When applying for research opportunities, the most common way students to contact professors or faculty members is through email. The email may be thought of as similar to a cover letter and typically should include information about the student’s own interests and how they align with the faculty member’s work, the student’s skills and previous coursework related to the research topic, a request to set up an appointment to speak further, and an attached resume.

However, Principal Investigators – leaders of research studies or laboratories – receive numerous email queries per semester, many of which they cannot accommodate.

According to Bouton, emails from students who have had previous research experience, are able to devote ample time to the lab, and demonstrate profound interest in scientific investigation tend to stand out amongst the many messages she receives.

Cullaty identifies an option for students who do not obtain immediate responses.

“One thing that students often do is, if they don’t get a response to their email, they just kind of let it go,” Cullaty said. “But it’s perfectly normal to follow up on an email, too, if you don’t hear back right away.”

Various resources are available for students seeking more knowledge on research opportunities. Of these, the Undergraduate Research Network (URN), a student-run organization with specialized committees, encourages and promotes undergraduate research at the University.

“The Undergraduate Research Network (URN) is a great resource for students looking to get involved in research in the future!” Mogen said. “I am an officer on the Workshops committee and our primary job is to develop programming to help people that want to get involved in research and those already involved … Next year, a new program called URN fellows is being launched that will have cohorts of students at different places in their research careers meet and receive guidance. For those looking to join URN, we accept applications for Officers every semester.”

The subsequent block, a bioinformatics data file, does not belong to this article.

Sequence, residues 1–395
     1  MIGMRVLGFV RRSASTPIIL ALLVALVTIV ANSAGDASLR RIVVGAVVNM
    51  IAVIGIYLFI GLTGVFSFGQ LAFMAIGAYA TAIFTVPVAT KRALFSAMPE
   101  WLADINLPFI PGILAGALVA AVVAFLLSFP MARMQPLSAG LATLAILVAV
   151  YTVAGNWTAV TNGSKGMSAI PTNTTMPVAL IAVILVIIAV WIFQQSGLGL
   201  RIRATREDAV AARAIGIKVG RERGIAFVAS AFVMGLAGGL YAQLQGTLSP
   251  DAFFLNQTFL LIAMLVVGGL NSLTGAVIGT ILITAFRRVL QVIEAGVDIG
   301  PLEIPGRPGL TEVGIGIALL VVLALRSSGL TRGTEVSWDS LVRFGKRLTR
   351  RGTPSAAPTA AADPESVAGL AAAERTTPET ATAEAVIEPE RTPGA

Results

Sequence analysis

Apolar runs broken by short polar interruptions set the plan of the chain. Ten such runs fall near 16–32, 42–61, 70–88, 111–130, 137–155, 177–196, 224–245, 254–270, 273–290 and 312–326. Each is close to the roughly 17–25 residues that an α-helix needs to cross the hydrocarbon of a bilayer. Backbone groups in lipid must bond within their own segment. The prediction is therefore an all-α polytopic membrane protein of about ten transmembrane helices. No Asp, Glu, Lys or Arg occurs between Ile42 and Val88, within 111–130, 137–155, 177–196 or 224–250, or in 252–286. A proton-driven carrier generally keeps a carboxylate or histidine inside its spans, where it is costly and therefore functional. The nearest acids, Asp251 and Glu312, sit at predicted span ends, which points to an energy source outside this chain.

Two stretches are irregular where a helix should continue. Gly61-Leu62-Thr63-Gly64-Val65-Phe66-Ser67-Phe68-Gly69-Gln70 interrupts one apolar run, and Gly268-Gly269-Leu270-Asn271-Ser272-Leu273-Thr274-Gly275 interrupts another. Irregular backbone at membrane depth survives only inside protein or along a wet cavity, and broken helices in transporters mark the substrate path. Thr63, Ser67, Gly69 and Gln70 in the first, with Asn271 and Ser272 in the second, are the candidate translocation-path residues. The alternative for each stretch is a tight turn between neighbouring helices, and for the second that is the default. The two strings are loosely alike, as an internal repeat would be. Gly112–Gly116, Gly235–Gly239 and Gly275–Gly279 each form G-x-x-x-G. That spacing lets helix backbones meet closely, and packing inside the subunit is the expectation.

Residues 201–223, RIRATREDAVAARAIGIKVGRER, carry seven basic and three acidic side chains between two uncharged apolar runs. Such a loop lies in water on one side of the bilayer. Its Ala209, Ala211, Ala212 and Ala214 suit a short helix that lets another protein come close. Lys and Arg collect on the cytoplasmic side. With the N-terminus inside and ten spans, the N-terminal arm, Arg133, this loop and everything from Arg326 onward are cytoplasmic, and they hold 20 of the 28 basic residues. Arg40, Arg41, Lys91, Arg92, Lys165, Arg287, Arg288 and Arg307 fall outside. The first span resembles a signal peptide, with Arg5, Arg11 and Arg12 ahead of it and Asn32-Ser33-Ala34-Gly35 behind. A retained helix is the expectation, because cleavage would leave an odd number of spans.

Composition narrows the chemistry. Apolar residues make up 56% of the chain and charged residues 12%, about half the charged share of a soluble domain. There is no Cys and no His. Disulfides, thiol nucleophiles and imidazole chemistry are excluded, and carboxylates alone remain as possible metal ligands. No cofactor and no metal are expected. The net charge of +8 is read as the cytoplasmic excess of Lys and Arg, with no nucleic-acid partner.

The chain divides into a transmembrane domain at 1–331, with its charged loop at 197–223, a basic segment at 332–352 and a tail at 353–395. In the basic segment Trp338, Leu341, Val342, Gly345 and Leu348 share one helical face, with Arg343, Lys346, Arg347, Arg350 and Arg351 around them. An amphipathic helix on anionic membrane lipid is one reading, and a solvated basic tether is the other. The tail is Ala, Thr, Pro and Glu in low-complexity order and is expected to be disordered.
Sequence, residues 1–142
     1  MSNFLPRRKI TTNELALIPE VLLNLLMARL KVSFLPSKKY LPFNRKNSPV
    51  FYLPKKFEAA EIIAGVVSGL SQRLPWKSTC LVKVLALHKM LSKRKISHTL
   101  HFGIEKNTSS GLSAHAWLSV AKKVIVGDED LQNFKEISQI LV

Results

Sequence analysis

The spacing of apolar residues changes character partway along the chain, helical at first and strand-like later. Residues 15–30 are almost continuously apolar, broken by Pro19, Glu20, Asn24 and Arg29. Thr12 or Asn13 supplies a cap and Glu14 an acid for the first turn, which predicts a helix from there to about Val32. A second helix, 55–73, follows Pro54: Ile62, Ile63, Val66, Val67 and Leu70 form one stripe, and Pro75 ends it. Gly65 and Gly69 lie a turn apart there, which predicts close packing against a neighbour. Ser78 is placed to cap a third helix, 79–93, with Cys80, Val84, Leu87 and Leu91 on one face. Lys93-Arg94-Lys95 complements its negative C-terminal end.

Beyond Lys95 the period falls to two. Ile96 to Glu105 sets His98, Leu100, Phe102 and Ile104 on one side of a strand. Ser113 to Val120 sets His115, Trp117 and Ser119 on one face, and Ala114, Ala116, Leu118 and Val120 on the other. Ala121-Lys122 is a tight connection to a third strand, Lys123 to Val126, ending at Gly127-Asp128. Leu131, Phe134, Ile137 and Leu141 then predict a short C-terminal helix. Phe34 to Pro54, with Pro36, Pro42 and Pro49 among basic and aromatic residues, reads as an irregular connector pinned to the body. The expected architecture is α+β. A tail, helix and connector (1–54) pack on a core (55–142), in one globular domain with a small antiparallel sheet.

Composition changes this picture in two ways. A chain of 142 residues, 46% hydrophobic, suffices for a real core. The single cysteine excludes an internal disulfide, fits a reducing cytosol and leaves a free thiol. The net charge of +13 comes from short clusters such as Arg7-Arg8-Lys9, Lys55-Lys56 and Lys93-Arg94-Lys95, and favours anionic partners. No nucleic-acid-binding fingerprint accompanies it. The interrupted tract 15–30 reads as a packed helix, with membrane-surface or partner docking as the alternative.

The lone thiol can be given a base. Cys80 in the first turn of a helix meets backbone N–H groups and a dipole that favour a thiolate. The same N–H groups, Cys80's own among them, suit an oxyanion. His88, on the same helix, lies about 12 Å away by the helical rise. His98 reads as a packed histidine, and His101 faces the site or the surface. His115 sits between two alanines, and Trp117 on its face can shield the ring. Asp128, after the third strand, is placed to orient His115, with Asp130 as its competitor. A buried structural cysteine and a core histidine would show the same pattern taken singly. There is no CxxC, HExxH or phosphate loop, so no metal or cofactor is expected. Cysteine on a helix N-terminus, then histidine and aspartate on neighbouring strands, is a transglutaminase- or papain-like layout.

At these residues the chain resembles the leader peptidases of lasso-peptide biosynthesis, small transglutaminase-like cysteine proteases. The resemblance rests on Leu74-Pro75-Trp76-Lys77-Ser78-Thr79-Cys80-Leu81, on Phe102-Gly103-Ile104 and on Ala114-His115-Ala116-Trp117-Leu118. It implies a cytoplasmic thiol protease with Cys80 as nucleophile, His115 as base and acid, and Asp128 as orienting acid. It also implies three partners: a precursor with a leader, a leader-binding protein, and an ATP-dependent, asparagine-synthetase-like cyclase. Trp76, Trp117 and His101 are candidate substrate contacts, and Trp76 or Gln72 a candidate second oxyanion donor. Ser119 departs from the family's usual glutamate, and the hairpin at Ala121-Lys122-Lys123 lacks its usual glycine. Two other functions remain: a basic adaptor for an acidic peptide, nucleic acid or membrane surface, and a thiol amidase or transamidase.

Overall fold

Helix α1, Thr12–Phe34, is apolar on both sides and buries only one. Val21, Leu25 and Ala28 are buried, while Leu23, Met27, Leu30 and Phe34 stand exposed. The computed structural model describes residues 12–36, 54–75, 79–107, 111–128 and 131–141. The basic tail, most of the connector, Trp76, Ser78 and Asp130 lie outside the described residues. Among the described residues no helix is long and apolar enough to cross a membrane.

In addition, the URN has created the Undergraduate Novel Learning Experience and Scientific Hands-on (UNLEASH), a web system that matches undergraduate students at the University to faculty members accepting researchers.

“What the Undergraduate Research Network is doing is using UNLEASH to put descriptions of faculty research on that site,” Cullaty said. “Then students can fill out an application if they are interested in working with a particular faculty member who is on the UNLEASH website, and then their application will be forwarded to that faculty member, so the faculty member can choose or select the students he or she would like to talk to further about joining their research project.”

However, UNLEASH is not comprehensive of all faculty conducting research at the University. As such, another means to find research opportunities is by searching on the internet for professors in departments that align with students’ own interests, then reaching out to them by email.

Outside of faculty-lead research projects, students can also partake in independent studies funded by research grants.

“Opportunities like the DoubleHoo grant and many research awards, which can be internal to U.Va. or external, that are available to undergraduates here are terrific, because they give the students things to work towards in terms of having an opportunity to do some independent research,” Bouton said.

A list of undergraduate research grants can be found on the Center for Undergraduate Excellence website.

According to Cullaty, participating in undergraduate research not only adds flare to a resume, but improves a student’s analytical thinking abilities, independent initiative, and teamwork skills.

“I think it’s a great way to compliment what you’re learning in the classroom,” Cullaty said. “What you’re doing outside of class relates to what you’re learning in class, and that helps improve the learning process and it makes you even more engaged in, more excited about what you’re learning, which makes your undergraduate experience that much better.”